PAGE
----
In December, when a mentally ill Texas man convicted of murder was poised to be executed -- and a number of prominent conservatives were calling to postpone the killing -- Sen. Ted Cruz (R-Texas) declined to criticize the pending execution. "I trust the criminal-justice system to operate, to protect the rights of the accused, and to administer justice to violent criminals," Cruz declared. This was not shocking. As a politician and public officeholder, he has long supported capital punishment. While running for Senate in 2012, Cruz repeatedly mentioned his win as Texas solicitor general in a case before the Supreme Court that preserved the death penalty for a Mexican citizen convicted of raping and murdering two Houston teenage girls.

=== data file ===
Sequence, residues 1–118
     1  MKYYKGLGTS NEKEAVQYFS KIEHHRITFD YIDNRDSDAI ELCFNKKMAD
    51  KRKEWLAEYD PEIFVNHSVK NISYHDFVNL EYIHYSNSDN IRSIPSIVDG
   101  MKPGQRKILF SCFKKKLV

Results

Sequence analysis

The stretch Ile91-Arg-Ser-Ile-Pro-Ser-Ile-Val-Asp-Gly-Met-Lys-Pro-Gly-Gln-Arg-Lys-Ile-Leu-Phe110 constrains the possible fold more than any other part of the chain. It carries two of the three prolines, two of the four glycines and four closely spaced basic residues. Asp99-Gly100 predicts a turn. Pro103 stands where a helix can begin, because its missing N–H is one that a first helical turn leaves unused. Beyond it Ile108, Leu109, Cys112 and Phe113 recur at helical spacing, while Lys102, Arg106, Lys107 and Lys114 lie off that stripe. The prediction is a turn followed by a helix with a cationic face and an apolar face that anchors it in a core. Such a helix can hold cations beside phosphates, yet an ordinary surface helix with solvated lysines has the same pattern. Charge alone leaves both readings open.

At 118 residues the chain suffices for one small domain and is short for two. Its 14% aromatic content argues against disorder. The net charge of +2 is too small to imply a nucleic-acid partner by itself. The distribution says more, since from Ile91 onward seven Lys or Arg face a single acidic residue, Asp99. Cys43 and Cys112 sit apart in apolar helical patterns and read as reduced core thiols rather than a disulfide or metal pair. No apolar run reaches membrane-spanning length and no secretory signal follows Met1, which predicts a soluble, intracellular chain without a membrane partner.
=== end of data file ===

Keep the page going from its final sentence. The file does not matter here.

Yet as a lawyer in private practice two years earlier, Cruz had argued that the criminal-justice system, in at least one instance, had gone awry and nearly killed the wrong man. This happened when Cruz was assisting the case of a Louisiana man wrongfully convicted of robbery and murder who spent 18 years in prison -- 14 of them on death row -- before being freed. As an attorney for this man, Cruz argued that local prosecutors could not be trusted, that institutional failures in the justice system had nearly led to his client's execution, and that this fellow was owed $14 million in restitution because of these miscarriages of justice. But after his experience in this dramatic case -- which included coauthoring a passionate brief presented to the Supreme Court -- Cruz the politician would still offer a full-throated endorsement of the criminal-justice system and capital punishment.
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